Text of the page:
Tipperary and the Constitution
Sir, – David Kenny and Conor Casey (“Legal challenge over Tipperary poll now seems inevitable”, Opinion & Analysis, February 6th) suggest that a Government must follow a given statutory provision until its constitutionality is ruled upon by the courts .
This is certainly the norm and all statutes enjoy a presumption of constitutionality.
That is no more than a sensible conventional practice.
The presumption of constitutionality cannot mean that the Government “must” ignore a clear constitutional instruction when it is set out in plain and unambiguous language.
Article 16 of the Constitution is very plain and very clear. “A general election for members of Dáil Éireann shall take place not later than thirty days after the dissolution of Dáil Éireann.”
The provision admits no exceptions or qualifications and none can be created by the Oireachtas.
It is as simple as that.
I think the Attorney General has defended our electoral process from a paroxysm of sophistry. – Yours, etc,
Sir, – The excellent article by David Kenny and Conor Casey addresses an issue of enormous importance in the context of the bizarre decision made by the Government, on the advice of Attorney General, to permit the poll in Tipperary take place on Saturday.
As required by section 62 of the Electoral Act 1992, the poll having initially been cancelled due to the death on Monday last of independent candidate Marese Skehan, the Government has determined it should ignore this express statutory provision contained in our electoral laws for approximately 27 years because the Attorney General has determined section 62 is unconstitutional.
Not only does a presumption of constitutionality attach to section 62, prior to the Electoral Act 1992 being signed into law by the President, if any doubt existed as to the constitutionality of any provision contained in it, the President could in 1992 have called a meeting of the Council of State and, having obtained its advice, determined whether to refer the measure as a Bill to the Supreme Court for a determination as to its constitutionality. In 1992 no such issue arose and no such referral was made.
A foundational principle in our constitutional democracy is the separation of powers. As prescribed by the Constitution, each of the organs of State exercise separate and independent constitutional roles.
The Oireachtas has the exclusive power to enact laws, the government of the day is required to comply with the law, and it falls to the courts to adjudicate on the constitutionality of laws so enacted. It is not open to a government to arbitrarily adjudicate a law enacted by the Oireachtas to be unconstitutional and then entirely ignore its provisions.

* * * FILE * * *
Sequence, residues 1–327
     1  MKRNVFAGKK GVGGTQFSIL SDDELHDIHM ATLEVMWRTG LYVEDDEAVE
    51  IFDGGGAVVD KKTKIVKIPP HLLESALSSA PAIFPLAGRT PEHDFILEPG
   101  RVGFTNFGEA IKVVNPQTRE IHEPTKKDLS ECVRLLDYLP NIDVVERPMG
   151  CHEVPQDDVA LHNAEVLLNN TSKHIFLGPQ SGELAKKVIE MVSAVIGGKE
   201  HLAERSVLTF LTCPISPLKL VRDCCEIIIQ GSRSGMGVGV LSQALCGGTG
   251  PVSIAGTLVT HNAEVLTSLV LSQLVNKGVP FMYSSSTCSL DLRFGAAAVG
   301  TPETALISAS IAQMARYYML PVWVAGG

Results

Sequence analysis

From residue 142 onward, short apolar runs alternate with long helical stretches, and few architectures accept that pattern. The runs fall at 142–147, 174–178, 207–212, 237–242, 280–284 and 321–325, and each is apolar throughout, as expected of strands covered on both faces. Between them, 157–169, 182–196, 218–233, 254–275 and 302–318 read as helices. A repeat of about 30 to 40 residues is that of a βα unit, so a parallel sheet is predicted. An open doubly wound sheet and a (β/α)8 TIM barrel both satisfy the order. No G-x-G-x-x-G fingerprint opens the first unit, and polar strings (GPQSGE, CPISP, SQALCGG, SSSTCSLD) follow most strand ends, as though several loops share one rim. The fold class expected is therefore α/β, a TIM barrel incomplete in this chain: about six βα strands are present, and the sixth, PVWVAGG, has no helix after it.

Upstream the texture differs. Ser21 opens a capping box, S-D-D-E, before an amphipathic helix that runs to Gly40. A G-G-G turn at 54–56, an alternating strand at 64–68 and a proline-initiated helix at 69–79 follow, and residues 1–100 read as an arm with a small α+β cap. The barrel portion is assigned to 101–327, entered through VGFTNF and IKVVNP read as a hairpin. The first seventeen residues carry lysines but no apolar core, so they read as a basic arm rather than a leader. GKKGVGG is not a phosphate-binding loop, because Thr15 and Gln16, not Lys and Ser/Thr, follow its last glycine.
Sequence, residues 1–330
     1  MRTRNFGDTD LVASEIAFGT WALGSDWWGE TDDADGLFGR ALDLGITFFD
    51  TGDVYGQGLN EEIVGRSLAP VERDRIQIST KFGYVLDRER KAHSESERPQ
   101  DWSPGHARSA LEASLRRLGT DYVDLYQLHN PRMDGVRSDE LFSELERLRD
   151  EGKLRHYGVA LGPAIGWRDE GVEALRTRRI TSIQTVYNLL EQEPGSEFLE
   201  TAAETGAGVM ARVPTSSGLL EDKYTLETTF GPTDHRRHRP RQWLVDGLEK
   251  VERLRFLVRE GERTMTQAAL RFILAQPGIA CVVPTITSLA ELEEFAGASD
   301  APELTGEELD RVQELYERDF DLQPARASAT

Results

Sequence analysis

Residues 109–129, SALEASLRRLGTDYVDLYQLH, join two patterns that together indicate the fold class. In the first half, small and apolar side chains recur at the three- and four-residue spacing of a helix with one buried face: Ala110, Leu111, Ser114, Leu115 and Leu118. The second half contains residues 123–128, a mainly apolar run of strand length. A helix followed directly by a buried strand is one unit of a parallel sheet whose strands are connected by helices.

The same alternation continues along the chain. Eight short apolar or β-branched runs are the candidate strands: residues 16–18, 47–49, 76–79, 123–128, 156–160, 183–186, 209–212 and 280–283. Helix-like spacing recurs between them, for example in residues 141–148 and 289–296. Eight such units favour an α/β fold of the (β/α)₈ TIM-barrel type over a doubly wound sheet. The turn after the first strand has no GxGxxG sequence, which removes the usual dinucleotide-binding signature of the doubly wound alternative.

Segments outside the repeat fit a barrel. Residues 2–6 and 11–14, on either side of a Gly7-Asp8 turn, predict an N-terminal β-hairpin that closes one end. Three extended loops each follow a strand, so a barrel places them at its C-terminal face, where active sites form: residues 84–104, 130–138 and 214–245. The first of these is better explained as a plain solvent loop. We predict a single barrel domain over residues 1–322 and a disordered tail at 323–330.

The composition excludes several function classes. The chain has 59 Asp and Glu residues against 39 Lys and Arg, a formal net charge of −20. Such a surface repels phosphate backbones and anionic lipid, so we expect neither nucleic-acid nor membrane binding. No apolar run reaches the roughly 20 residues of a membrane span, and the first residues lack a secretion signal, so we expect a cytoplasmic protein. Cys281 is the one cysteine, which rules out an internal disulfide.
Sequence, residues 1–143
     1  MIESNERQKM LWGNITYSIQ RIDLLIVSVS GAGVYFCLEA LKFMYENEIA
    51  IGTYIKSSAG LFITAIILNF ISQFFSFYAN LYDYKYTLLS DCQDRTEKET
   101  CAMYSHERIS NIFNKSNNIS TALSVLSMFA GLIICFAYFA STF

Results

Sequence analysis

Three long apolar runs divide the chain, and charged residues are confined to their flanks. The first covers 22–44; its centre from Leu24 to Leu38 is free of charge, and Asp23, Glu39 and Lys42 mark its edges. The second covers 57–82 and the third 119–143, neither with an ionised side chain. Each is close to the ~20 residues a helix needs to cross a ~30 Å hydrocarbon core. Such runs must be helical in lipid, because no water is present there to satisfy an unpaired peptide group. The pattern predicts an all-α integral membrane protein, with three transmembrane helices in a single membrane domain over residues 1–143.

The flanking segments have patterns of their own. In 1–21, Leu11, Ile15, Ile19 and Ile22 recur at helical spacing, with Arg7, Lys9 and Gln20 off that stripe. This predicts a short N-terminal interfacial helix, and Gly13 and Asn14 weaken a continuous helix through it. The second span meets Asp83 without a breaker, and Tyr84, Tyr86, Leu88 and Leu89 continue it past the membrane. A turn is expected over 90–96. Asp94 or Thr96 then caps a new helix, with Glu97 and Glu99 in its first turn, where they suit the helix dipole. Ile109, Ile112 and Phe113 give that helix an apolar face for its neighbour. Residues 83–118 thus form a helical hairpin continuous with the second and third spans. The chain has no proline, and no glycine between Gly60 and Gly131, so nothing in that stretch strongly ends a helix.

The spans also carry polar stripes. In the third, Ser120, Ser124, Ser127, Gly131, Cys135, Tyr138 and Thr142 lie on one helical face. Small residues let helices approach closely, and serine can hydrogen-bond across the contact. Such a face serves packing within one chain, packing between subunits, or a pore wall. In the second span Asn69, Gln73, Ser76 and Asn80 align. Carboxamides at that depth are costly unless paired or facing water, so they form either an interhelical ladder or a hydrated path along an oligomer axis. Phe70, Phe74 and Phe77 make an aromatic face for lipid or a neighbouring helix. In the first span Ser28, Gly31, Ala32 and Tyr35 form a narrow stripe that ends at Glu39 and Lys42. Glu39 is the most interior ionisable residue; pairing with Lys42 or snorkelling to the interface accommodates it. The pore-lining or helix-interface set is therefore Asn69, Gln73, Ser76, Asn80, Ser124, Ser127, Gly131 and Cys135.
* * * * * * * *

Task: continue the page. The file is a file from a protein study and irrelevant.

Under our constitutional system, no attorney general or government is entitled, in defiance of the Constitution, to assume to itself the powers of the three organs of government.
By doing so in this instance, the Government has entirely undermined the constitutional structure on which our democracy depends, fundamentally undermined the rule of law and opened the door to a future government ignoring laws it deems inconvenient by pronouncing them unconstitutional.
This is a dangerous and slippery slope.
It seems from reports that the decision to proceed with the Tipperary poll was taken to avoid a possible court challenge after the election to its postponement and resultant difficulties that could have arisen in the formation of a new government.
By abrogating the role of the courts and failing to comply with section 62 of the 1992 Act, the Government has simply laid the foundation for a court challenge to the outcome of the Tipperary constituency election which may also create difficulties in the formation of a new government.
In the pressure-pot atmosphere of a general election governments often make hasty and ill thought-through decisions without full insight into the possible future consequences.
Unfortunately, from my own personal experience, this is not the first time that the outgoing Government has failed to properly respect and act in accordance with the rule of law. – Yours, etc,
for justice and defence),